“The advice often doled out by GPs needs fine tuning. ‘Go exercise’ shows a lack of understanding that when you’re in the pits of depression, you don’t have the mental or physical energy to even get out of bed. When you have crippling anxiety and panic attacks, high intensity exercise raises your cortisol levels and can exacerbate anxiety and panic symptoms,” Imran says.

Counsellor and psychotherapist Dee Johnson, a member of Counselling Directory, adds that “telling someone to just move more and eat better is not enough – our brain needs evidence”. 

“Whether your movement is a session, walk or dancing around your house, the trick is to measure how low your emotional state (and motivation level) is prior to working out, make a mindful note of how you feel during, and then afterwards. Don’t expect to feel great straight away, just gently remind yourself that you have done something self-caring and would have felt worse if you had not done it.”

How to exercise if you’re struggling with depression or/and anxiety

So, how do you move in a way that works for your mental state? Yanar Alkayat, level 3 PT and fitness editor, advises that “exercise can act as a helpful distraction. When you’re focussed on an activity, especially if it’s a skill-based sport, you’re not thinking about anything else. That can shake you out of a bad day. 

“However, it’s important to be led by your own body and mind. Move in a way that feels good and comfortable for you, on that day and in that moment.”

Here are Alkayat’s top tips for keeping active when you’re not in a good headspace:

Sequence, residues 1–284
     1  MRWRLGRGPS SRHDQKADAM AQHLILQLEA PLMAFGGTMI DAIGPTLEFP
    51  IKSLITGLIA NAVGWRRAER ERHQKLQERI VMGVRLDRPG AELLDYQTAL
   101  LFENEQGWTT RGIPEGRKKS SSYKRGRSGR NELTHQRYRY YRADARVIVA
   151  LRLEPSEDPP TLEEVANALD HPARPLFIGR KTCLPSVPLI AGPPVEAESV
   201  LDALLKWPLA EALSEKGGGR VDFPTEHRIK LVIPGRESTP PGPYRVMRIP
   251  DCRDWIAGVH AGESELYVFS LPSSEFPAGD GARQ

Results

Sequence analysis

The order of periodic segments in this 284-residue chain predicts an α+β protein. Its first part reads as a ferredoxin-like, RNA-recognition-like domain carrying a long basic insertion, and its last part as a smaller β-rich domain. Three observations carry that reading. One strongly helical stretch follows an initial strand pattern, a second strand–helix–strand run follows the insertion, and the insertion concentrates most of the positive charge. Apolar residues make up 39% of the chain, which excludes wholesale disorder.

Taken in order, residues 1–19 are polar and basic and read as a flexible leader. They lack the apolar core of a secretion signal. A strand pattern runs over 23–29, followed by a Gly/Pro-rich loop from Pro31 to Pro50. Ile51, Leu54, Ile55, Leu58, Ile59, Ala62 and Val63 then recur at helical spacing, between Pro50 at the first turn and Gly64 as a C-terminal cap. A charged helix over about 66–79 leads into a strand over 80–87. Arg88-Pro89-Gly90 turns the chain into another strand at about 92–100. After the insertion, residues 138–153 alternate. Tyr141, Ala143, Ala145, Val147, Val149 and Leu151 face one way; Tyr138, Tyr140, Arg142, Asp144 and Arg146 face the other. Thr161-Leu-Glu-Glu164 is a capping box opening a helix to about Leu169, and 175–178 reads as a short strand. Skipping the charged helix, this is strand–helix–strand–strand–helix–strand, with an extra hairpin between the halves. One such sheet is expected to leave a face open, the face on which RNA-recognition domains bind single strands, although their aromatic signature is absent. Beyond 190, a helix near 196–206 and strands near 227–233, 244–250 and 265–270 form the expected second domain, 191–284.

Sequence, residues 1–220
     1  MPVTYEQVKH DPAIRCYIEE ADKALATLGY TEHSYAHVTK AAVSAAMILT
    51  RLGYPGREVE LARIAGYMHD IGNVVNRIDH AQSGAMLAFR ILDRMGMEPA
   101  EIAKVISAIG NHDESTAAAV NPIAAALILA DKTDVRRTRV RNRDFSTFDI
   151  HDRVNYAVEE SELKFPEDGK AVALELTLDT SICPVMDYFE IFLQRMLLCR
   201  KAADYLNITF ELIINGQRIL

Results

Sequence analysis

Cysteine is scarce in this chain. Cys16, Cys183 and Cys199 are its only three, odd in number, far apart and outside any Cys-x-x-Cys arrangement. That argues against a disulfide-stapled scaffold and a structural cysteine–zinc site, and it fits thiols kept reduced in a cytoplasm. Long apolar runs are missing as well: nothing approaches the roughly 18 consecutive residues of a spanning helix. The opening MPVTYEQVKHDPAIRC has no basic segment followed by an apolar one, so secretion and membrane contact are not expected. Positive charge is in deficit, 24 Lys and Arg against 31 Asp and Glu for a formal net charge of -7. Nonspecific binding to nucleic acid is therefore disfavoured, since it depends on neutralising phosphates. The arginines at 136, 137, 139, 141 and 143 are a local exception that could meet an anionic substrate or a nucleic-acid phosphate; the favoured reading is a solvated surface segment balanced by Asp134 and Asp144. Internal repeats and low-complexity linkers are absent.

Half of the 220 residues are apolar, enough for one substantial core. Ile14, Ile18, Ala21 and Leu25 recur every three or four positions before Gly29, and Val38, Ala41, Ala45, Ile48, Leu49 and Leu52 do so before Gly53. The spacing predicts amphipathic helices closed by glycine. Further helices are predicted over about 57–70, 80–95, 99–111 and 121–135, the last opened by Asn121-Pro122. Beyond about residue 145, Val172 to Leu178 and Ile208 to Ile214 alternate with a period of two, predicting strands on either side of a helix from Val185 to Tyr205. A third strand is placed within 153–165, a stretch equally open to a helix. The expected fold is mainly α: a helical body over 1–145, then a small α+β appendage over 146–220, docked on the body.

“It’s tempting, easy and maybe even a habit to be critical of ourselves. If you’re not feeling your best, adjust your expectations for the day and don’t beat yourself up if you don’t complete as intense a workout as you expected.

“Be patient, kind and understanding with what you’re able to do that day, like you would be with a friend. Remember that things will be different on another day and try not to judge yourself.”


“Choose something lifting and energising if you’re feeling low, or calming and gentle if you’re feeling more anxious, frantic or stressed. Learning to read the signs that your body and mind are giving off can help you choose the best approach for yourself on any given day. If you can, tracking patterns in your moods or symptoms will help you plan ahead.”


“A change of environment can help, so stepping outside for a walk, a jog or a focused workout can make all the difference. While outside, notice what’s around you: colours, textures, animals, nature, acknowledging other people you pass. This can help shift you out of unhelpful thought processes.”


“It can be harder to stay motivated when exercising alone. Group classes can help keep you going, or why not stay accountable with friends, family or local groups? 

“Remember that exercise takes many forms – you don’t have to be a ‘gym fanatic’. There are walking and talking groups like Mental Health Mates, Walk Talk Walk or ParkRun for casual weekly runs. Try things, be open and find what works for you – that might be different to what works for someone else.”

Images: Getty